I always thought that I would someday grow out of it,

that I would get to be like--

I don't know-- 20-something years old

and I wouldn't want to do drugs anymore.

And I would just kind of go get a job and be a normal person.

I thought it was just a period.

And I really thought that I would grow out of it.

But instead, I grew into it.

GORDON ROBERTSON: And then the compulsion takes over.

And you can't get free.

Right.

But you got for free.

What was the turn for you?

Yeah, so I tried everything.

I tried rehab after rehab after rehab.

I sat in jail.

I did all the stuff that the world tells you to do.

It's the rehabs, the jail, the mental institution.

I did all of it, probably 11, 12 times, in and out, in and out,

in and out.

And kind of what was the turning point for me

was Jesus and the change in identity that He gives us.

Because I went through all this recovery, having to say,

I'm Geoff.

And I'm an addict.

I'm Geoff, and I'm an alcoholic.

And whenever Jesus stepped in, it wasn't you're Geoff.

And you're an addict.

You're Geoff.

And you're an alcoholic.

But you're Geoff.

And you're forgiven.

And you're perfect.

And I've made you perfect.

And realizing that identity was the change point for me.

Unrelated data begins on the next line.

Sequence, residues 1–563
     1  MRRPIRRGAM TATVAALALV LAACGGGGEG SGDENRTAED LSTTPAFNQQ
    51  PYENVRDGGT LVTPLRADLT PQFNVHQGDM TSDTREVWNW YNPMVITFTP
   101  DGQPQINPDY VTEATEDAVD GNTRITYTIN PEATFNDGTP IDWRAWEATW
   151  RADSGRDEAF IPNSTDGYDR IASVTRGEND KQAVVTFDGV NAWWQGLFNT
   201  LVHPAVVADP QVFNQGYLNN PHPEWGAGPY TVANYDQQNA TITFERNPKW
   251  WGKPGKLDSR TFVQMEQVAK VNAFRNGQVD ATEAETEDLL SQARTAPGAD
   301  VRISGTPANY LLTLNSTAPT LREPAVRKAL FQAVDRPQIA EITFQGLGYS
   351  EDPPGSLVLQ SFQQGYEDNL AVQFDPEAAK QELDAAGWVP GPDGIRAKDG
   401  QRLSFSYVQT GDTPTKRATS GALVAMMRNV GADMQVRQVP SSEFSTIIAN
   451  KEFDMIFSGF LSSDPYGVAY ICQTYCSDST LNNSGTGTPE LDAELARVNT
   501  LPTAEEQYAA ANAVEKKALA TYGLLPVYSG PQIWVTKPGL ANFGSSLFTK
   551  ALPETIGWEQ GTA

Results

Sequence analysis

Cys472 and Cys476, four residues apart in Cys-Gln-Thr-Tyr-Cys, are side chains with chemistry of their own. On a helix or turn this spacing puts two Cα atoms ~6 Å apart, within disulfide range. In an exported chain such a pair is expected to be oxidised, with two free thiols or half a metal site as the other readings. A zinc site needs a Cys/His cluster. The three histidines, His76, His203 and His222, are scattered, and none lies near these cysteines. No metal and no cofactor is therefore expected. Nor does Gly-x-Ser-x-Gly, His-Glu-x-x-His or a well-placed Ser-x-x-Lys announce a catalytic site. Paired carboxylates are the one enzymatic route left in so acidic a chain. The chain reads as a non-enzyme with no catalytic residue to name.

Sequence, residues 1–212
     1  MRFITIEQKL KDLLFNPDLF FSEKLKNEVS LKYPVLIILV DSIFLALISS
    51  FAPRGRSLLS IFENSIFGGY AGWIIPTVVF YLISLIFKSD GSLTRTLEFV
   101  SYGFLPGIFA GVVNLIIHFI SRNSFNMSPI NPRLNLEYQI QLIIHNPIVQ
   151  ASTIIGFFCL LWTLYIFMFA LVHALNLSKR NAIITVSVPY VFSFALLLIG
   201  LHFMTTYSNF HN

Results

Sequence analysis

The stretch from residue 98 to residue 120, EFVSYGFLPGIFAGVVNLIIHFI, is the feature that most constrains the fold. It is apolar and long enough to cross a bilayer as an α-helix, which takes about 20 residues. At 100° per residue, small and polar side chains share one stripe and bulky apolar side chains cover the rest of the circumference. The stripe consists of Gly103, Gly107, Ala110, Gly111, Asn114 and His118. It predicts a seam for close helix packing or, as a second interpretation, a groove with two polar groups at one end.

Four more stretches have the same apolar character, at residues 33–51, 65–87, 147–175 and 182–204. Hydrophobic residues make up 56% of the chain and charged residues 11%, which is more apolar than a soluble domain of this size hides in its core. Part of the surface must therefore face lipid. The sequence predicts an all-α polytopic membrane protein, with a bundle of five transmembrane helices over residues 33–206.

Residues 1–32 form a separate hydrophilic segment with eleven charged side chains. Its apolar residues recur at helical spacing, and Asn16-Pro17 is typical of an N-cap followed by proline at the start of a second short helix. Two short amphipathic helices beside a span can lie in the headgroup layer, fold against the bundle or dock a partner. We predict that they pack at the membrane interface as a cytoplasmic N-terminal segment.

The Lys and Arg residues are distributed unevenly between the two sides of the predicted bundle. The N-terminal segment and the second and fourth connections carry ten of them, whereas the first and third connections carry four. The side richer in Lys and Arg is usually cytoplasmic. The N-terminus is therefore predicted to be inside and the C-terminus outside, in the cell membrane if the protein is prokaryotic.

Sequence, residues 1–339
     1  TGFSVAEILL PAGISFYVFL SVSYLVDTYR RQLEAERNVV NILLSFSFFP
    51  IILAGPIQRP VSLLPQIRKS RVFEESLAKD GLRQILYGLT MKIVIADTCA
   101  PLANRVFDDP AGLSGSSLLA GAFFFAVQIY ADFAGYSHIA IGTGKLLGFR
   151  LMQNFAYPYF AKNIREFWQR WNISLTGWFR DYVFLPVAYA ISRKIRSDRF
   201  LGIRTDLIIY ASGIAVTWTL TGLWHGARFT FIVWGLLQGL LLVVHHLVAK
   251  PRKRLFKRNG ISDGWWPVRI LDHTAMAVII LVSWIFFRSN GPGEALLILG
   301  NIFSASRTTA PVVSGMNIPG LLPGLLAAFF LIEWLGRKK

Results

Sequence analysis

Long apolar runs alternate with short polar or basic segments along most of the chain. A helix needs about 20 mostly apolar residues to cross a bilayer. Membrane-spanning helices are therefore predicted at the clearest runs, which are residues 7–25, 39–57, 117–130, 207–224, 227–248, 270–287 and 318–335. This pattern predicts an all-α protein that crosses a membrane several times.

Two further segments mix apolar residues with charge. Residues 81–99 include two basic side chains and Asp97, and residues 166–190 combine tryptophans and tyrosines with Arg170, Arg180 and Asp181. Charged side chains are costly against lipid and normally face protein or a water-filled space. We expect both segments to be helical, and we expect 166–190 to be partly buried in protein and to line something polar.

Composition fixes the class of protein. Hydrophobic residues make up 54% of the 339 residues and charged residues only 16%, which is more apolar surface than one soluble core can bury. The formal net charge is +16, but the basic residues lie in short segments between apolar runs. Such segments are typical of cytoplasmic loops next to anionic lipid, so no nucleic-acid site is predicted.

Because I found freedom there.

It wasn't--

GORDON ROBERTSON: Well, how did you get to that?

Because I think a lot of people in America--

the newspaper is full of reports of the addiction problem

we currently have.

How did you get free?

By no merit of my own--

so I think I look at the way that you guys loved me.

The way that my parents and the people around me

loved me was unconditional, even whenever I was in that.

GORDON ROBERTSON: Yeah, but you had an encounter.

GEOFF BANKS: Sure.

Oh, yeah, yeah, yeah.

So I got in a--

probably the turning point that I think you are referring to--

I got in a car wreck that was pretty bad.

And at that point, I went back to treatment.

And my parents had given me a book.

And it was like a God's promise book.

And I read this verse in Isaiah 43:2.

And it's when you walk through the waters, I'll be with you.

And they will not overwhelm you.

And it goes on from there.

And kind of in that moment, I felt

God speaking to me, being-- it wasn't like God speaking

of the Israelites.

But He was speaking to me.

And He's like I'm with you in all of this.

In all the bad stuff that you're going through

and all the troubles that you're going through, I'm right here.

And that wasn't the freedom point for me.

But it was the start of it.

GORDON ROBERTSON: You had a struggle getting free.

GEOFF BANKS: Yeah, absolutely.

You had this start.

You have a spiritual encounter.

And suddenly, God is real to you.

GEOFF BANKS: Yeah.

And He's not a rule anymore.

GEOFF BANKS: Right.